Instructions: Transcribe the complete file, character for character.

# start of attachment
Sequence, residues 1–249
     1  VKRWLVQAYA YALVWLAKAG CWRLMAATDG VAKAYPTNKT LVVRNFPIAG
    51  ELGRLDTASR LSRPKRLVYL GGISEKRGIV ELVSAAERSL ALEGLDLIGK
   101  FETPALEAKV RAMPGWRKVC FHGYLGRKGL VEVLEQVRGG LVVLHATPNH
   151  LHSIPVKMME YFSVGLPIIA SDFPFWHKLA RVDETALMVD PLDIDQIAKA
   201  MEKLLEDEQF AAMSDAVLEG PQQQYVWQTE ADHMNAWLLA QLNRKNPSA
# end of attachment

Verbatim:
Sequence, residues 1–249
     1  VKRWLVQAYA YALVWLAKAG CWRLMAATDG VAKAYPTNKT LVVRNFPIAG
    51  ELGRLDTASR LSRPKRLVYL GGISEKRGIV ELVSAAERSL ALEGLDLIGK
   101  FETPALEAKV RAMPGWRKVC FHGYLGRKGL VEVLEQVRGG LVVLHATPNH
   151  LHSIPVKMME YFSVGLPIIA SDFPFWHKLA RVDETALMVD PLDIDQIAKA
   201  MEKLLEDEQF AAMSDAVLEG PQQQYVWQTE ADHMNAWLLA QLNRKNPSA